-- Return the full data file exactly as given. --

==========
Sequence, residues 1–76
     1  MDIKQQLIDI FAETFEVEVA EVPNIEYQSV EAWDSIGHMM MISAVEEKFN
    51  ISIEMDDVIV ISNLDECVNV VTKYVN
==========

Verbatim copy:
Sequence, residues 1–76
     1  MDIKQQLIDI FAETFEVEVA EVPNIEYQSV EAWDSIGHMM MISAVEEKFN
    51  ISIEMDDVIV ISNLDECVNV VTKYVN